On the 12th of March, around 20:00 they started to walk towards what they commonly called the “jungle jungle”. It was a group of six men, all of them Moroccan except for HER, who is Algerian.
After many hours enroute through the forest, a 4x4 Jeep appeared with the word “POLICIJA” written in big blue letters across it. It was around 9:30am. From within it, four policemen stepped out, wearing dark blue uniforms.
Between laughs and mockery, in croatian they asked them “Are you tired?”.
They made them get on their knees, in a line with approximately a meter distance between each other.
In that moment, she got up from her chair in the cafe and demonstrated the position in which they made them stay, a position that reflects the aim of showing submission and inferiority, which shows the vulnerability they faced in that precise situation.
She left me some time to write on my notepad, as accurately as possible, everything she was telling me.
She then continued to explain.
While one of the policemen was telling them one by one to give him their money, their phones and their battery packs and putting them in a black bag, another policeman was making a call on his phone, after which, within less than five minutes, another car shows up, this time with policemen dressed head to toe in black and wearing balaclavas.
One of them started to kick every one of the backpacks that were sitting in front of each of the six people that formed the human line.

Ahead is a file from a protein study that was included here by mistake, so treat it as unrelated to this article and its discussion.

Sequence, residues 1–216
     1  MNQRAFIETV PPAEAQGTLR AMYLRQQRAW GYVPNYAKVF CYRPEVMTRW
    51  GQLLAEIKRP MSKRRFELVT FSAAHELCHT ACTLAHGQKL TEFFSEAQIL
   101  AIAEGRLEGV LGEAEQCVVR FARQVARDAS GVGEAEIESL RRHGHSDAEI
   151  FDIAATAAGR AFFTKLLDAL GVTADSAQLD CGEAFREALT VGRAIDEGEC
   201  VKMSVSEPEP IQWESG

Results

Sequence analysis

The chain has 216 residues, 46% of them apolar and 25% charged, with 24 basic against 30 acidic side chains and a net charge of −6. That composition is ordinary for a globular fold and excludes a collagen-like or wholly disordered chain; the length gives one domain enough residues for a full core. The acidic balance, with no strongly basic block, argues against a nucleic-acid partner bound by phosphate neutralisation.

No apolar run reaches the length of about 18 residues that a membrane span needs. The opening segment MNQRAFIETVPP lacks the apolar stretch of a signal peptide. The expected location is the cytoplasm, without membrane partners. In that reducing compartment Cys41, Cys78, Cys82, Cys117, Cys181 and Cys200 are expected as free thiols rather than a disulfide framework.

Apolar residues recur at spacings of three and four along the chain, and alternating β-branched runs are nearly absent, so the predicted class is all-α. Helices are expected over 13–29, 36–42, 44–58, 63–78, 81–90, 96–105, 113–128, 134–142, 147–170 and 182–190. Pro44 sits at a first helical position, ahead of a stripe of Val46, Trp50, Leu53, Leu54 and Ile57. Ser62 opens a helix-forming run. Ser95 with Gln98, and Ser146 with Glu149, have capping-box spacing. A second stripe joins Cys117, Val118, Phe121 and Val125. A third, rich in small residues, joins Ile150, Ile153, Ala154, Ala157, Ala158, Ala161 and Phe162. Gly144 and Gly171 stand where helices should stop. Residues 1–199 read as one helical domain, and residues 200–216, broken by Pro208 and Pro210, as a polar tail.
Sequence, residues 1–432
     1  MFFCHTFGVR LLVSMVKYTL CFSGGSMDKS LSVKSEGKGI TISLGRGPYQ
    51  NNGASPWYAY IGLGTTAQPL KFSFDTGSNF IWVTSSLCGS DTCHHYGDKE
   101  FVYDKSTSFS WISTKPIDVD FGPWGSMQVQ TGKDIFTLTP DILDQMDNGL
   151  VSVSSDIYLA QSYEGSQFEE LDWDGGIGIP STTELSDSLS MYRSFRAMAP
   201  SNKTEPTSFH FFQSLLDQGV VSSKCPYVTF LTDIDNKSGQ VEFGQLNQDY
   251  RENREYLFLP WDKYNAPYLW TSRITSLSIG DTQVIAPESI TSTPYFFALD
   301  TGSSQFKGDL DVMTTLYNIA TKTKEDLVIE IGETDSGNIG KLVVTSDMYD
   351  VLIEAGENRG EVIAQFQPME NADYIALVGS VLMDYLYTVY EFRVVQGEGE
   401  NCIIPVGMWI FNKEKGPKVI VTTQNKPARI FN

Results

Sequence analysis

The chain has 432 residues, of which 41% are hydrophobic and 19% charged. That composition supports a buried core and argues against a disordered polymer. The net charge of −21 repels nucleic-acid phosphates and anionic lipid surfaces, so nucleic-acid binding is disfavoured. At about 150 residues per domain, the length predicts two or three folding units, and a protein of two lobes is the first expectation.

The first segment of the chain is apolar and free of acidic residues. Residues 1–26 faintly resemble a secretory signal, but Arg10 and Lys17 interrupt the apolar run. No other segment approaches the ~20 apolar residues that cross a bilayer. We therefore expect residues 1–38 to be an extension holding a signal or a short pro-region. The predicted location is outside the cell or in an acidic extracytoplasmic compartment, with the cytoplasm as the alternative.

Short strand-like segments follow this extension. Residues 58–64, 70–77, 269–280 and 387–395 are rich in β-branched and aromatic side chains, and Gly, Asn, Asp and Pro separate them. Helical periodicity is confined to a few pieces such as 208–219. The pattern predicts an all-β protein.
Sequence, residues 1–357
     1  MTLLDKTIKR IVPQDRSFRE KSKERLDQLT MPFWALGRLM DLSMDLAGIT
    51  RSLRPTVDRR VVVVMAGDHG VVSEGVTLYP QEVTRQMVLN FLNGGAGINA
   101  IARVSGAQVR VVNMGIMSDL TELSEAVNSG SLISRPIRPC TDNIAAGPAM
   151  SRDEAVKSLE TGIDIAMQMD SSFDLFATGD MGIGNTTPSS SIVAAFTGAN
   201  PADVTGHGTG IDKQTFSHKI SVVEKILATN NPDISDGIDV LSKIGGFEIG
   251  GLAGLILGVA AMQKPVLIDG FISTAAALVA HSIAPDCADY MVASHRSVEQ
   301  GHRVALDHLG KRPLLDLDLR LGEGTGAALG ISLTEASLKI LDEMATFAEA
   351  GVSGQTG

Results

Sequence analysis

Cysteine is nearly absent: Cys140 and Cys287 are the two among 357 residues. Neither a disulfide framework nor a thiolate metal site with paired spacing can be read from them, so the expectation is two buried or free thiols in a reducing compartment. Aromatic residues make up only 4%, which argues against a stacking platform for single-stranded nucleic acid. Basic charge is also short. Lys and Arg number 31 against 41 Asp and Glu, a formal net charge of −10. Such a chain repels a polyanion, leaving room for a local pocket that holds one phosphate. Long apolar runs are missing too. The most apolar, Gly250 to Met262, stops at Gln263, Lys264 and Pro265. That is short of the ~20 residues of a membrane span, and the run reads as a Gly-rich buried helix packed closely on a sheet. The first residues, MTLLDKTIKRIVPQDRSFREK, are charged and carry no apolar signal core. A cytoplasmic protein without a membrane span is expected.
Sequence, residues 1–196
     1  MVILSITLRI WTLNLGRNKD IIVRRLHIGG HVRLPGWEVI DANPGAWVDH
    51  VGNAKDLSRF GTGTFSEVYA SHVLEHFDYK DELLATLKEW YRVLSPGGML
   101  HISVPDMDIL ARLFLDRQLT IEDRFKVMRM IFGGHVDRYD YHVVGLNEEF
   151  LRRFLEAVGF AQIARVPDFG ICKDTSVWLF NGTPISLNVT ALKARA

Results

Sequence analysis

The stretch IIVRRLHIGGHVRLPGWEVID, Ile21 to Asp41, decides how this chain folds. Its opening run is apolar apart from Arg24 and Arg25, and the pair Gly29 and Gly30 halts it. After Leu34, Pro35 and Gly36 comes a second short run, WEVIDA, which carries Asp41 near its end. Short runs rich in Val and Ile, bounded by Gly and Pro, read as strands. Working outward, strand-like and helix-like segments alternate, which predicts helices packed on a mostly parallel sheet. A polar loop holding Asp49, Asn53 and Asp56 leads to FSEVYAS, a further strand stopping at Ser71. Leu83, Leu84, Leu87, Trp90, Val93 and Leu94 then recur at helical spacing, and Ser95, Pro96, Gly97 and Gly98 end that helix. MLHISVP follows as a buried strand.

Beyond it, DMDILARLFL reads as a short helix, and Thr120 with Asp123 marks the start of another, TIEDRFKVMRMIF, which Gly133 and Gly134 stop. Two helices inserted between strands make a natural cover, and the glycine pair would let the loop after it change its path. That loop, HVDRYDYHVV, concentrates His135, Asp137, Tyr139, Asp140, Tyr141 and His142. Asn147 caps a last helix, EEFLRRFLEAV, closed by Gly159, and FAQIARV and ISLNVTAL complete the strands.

He made them get up, one by one, under the careful and fearsome gaze of everyone, to pick up the items that he had previously kicked a few meters further.
“Fuck you””Fuck migrants””Stay in your country”
SHE barely speaks any english, but remembers vividly the words that were being said while she watched her friends and herself being pushed when they were picking up their belongings.
They made them get into the second car that had arrived, pushing them with a stick and, just before they got in through the back door, hitting them strongly on their backs. One by one, with the word “Go!” being heard after each hit.
She remembers that the car ride took around thirty minutes. I asked her about the details of their driving, because I had already heard numerous similar stories and I needed to know, precisely, how far the actions of this particular group of policemen had gone this time.
“The air conditioner was very strong. It was incredibly cold. We couldn’t see anything. They were driving in a very rough way so we kept constantly bumping into each other, into the walls of the car and into the grid that was at the back of it. From time to time they would open a small window that separated the driver’s part from the back, and you could see eyes showing up briefly before they would close it again”.
They arrived at a police station in a town of which they have no further information of knowledge to locate. They made them go into a room where there was already a group of around fifteen people who were mainly of afghani and pakistani origins.
“The room was very dirty. It was very cold inside. We were all on the floor. There was nothing on the walls, just pen writings in different languages and signatures of the people on the move who had already been there”.
At that moment she mentioned the video she had sent me some weeks before. She asked me to look for it on my phone. Sure enough, I could see each one of the details she was describing to me on my phone’s screen.